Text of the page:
Fantasy games won’t allow you to pick all track favorites so Mid-Pack Attack is here to help. A mid-packer may not win the race but has as good a shot at a top 15 finish as track favorites Denny Hamlin, Kasey Kahne, Brad Keselowski and Tony Stewart. There were 47 cars on the preliminary entry list for this weekend’s Cup race. Here are our picks for Sunday’s Sylvania 300 in Loudon, New Hampshire.

Mid-Pack picks
This weekend, Brian Vickers takes the seventh of his eight turns in the car he shares with Mark Martin and team-owner Michael Waltrip. The trio has kept the MWR car 14th in the owner points. Not counting Watkins Glen (blown engine before finishing the first lap), Vickers’ worst finish in 2012 was an 18th place. His numbers are not spectacular at Loudon (only two top-fives in 14 starts) but his last two starts here resulted in a 15th in July and a fifth last November. His average running position was around 13th place throughout both of those events. We think the No. 55 Toyota will finish 15th or better on Sunday.

Jeff Burton’s Cup career started here on July 11, 1993. Since then, his four wins in 35 starts at NHMS leads the series. In the September 2000 win, he earned a hard to beat record; he led all 300 laps. Burton also has the track race record for the July 1997 victory (Time 2:42:35, Speed 117.134 mph). He is second best among all drivers in ‘running at the finish’ (32 races) and in ‘lead lap finishes’ (27). His 783 laps led is third best. His 13.8 average finishing position is seventh best. Lately, Burton has finished 16th or better in five of the last six Loudon races. That’s where we think you’ll find the No. 31 Chevrolet at the end this weekend.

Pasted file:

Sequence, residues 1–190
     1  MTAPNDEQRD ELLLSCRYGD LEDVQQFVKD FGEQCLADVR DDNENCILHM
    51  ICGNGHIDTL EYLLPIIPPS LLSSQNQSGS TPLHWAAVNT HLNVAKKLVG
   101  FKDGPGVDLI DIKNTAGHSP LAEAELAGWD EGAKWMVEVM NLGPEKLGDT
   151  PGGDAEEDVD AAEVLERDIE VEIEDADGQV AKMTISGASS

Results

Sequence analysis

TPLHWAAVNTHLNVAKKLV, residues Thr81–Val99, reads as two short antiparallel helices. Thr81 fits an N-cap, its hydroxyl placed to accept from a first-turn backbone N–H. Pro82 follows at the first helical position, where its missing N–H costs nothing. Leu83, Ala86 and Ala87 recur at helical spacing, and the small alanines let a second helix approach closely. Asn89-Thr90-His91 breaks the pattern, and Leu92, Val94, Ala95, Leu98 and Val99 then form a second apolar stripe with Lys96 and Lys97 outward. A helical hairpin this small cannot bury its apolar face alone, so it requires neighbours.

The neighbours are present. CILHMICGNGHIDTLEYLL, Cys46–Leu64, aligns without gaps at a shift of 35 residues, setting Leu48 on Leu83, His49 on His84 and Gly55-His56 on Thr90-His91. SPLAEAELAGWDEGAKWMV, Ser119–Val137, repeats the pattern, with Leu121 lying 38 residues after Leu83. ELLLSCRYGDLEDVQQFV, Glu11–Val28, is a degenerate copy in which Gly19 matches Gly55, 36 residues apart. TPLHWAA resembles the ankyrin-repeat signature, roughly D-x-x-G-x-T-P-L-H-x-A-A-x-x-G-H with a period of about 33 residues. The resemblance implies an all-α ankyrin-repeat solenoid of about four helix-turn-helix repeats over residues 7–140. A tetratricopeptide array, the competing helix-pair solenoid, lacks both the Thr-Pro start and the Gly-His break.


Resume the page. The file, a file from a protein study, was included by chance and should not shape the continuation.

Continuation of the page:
At the age of 17, Joey Logano entered two K&N Pro Series East races at Loudon, New Hampshire. He started on the pole in one, 6th in the other and won both races. At age 19, he became the youngest race winner in NASCAR history right here at Loudon in June 2009. Okay, he was in the right place at the right time when the rains came ending the race 27 laps short but the day before he started his first Loudon Nationwide Series race on the pole and finished 2nd.  Logano’s last three Cup finishes here were fourth, 14th and 14th. The Middletown, CT native should not have a problem driving the No. 20 Toyota to a similar finish at what he considers his home track.

After eliminating the top 15 drivers, track favorites, ‘field-fillers’ (those without a chance), ‘start-and-parkers’ and those we’ve already picked, our short list  is really short. From that list we’re going with Kurt Busch. He has a history of success at Loudon. His one attempt here in a truck ended in victory lane. Over the last 15 Loudon Cup races, his 15.2 average finish is decent (best on the short list). He scored more points than any other driver in the most recent nine of those starts. The last of his three Cup wins here was in 2008 but we think he still has the potential to be up front. Give the No. 51 Chevrolet driver a look for a spot at the tail-end of your roster this week.

Tony Ballantoni runs the NASCAR coverage at